She looked at her reflection in the mirror. “So do I quit?” Her makeup was still straight; she her arm-band was still intact; there was really no reason to skip the audition except for hurt feelings. She was glad that she had bought a T-shirt earlier that day, although “I Dew Drop” was not quite the message she wanted to wear during the audition. Still, jeans and a t-shirt were better than shreds. “I’m worth the chance,” she told herself.

The Olsens were surprised to see her back in line, but her name got called before they could reach her. 

Eerie silence filled the gymnasium, which has been packed full of people and noise earlier that day. Now only five people remained, sitting in foldable chairs, facing a marked-out space on the floor that would serve as the arena. She wondered which one was the Prince. Probably the middle-aged man with gray at his temples. He looked confident and professional. Then again, so did all the judges. They all held clipboards, except for a young man with brownish hair, who sat back in his chair with his arms crossed. “Begin when you’re ready,” they told her.

Panic! Dusty forced herself to stammer: “I don’t have any equipment… can I borrow some?”

The judges did not seem pleased, but the young man shrugged and pointed to some equipment neatly lined up against the wall. “You can use anything over there.”

His voice sounded familiar, but she didn’t have time to think about that just then. She collected some props and then stepped back into the arena. Her hands shook as she began her routine. After rehearsing for so long with props that were custom-designed, these borrowed items felt awkward and unbalanced. She knew her smile was too forced but she just couldn’t seem to regain her confidence. Although she only dropped once during the entire four minutes, she felt like crying in the end. She took a bow.

“Thank you,” said the middle-aged man, but he did not smile. “Wait with the others.”

She knew she had been dismissed, so she returned the equipment and fled. A sponsor directed her to the far end of the gym to sit with the other candidates, all of whom looked jealous and worried and tense. Nobody returned her friendly, “Hello.” In fact, it seemed that they were all intent on ignoring each other. So she sat down and mulled over her certain doom.

The last two to perform were her stepsisters. Gretchen’s performance was smooth but bland, and Elsie did a lot of fancy tricks but she also dropped a lot. Then it was time to wait while the scores were tallied.

In the end, nobody seemed to catch the judges’ special attention. A heated discussion at the other end of the gym seemed to echo off the cold walls as the judges began a heartfelt disagreement. The young man left the gym. After a few minutes, the lady judge approached the group of young women. “There will be a short recess,” she told them. “Get some water. We’ll be announcing our decision in fifteen minutes.”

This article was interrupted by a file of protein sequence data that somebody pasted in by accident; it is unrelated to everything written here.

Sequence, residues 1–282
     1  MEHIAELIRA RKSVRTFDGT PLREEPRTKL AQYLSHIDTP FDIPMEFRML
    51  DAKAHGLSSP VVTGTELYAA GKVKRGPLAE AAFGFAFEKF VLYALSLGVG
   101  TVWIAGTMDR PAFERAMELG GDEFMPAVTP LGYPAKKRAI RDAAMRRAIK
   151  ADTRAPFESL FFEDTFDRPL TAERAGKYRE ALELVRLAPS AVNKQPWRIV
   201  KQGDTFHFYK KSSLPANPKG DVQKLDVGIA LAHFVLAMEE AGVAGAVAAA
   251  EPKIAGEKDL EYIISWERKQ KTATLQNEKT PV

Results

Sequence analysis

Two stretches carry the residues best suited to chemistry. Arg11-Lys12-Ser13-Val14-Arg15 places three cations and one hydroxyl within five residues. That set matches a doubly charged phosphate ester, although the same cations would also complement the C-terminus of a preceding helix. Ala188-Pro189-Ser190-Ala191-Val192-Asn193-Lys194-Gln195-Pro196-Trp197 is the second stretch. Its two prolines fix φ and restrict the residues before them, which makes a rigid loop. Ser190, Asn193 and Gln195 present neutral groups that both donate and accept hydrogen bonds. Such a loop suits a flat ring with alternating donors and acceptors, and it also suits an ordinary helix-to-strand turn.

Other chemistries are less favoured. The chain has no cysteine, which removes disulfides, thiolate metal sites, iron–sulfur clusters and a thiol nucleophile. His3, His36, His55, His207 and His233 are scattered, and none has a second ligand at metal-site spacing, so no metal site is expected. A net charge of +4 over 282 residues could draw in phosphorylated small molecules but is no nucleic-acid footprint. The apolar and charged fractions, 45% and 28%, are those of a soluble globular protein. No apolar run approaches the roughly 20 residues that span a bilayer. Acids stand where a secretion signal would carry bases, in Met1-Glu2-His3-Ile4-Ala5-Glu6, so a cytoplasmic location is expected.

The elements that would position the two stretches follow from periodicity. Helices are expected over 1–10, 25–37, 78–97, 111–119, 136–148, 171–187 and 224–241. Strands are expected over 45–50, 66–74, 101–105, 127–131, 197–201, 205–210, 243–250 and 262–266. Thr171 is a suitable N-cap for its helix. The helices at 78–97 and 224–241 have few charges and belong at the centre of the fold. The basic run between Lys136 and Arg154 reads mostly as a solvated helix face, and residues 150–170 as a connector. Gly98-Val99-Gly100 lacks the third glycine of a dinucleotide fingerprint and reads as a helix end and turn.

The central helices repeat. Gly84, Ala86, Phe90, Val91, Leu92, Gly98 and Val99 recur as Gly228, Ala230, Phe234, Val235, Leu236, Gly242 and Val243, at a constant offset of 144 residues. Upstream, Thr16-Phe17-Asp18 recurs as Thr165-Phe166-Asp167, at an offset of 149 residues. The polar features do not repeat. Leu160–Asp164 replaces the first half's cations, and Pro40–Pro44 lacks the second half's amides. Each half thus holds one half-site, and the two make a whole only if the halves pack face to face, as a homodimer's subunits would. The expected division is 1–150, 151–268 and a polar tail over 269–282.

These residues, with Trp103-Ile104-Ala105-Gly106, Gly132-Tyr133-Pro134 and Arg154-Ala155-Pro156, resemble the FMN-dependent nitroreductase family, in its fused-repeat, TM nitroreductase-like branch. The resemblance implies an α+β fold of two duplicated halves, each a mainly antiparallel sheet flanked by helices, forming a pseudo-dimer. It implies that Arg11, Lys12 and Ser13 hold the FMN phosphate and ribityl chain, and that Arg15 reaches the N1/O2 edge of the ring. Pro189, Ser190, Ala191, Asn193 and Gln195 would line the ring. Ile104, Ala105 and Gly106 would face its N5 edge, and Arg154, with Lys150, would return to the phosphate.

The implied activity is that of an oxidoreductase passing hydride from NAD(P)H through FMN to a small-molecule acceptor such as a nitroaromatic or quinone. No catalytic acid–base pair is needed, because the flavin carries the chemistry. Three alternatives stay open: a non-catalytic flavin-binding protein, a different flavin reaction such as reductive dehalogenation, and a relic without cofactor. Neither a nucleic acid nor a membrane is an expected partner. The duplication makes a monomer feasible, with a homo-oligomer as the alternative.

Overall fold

Hoping to avoid contact with any of the Olsens, Dusty slipped out. The other girls spilled toward the concessions stand, but she headed toward a secluded corner where she collapsed into a little heap. Her nerves got the better of her, and two little tears leaked onto her cheeks.

Just then, the young man walked in. “Oh, I’m sorry,” he said. “I was just looking for a place to… Do you need help?”

“I’m fine,” said Dusty. She got her tears under control very quickly.

He gave her an odd glance. “Have we met? You seem familiar.”

She looked up at him, into his face.  “I don’t think so. I mean, you saw me a few minutes ago… ” Her voice trailed off as she realized how handsome he was. He had clear hazel eyes and a lean physique. She felt her heart flutter, so she ripped her gaze away and picked at a fingernail instead.

“Oh. I’m bad with faces,” he said. “I meet so many people. Unless a person is important, I don’t try to remember them. Anyway, I don’t really care about faces. I care about talent.”

Dusty looked up at him again. “You mean skill.”


Unaccustomed to talking to attractive young men, she felt herself begin to stammer. “Skill, not talent,” she gasped. “Skill is what someone does with a talent. Skill is all the hours it takes to practice your talent. Talent can be wasted; skill has been perfected.”

He narrowed his eyes at her. “Exactly.” He studied her for a minute, and then shook his head. “Well. I have to get back inside. Nice to meet you. Good luck.” And then he left, without even shaking her hand.

Dusty thought he looked familiar as he was leaving. She had seen so many people today… yet… ah! The young man from this morning! He was one of the judges? Well, if that was true, then he knew she could do better! If she was invited to the callbacks, maybe she could prove herself after all!

Just then, the river otter appeared, dragging a large bundle. “How’s your day going?”

“Uff-da,” she replied.  “Have you brought me new clubs?”

“New clubs? Now, why would you need those? What’s wrong with the others?”

“They got shattered,” said Dusty.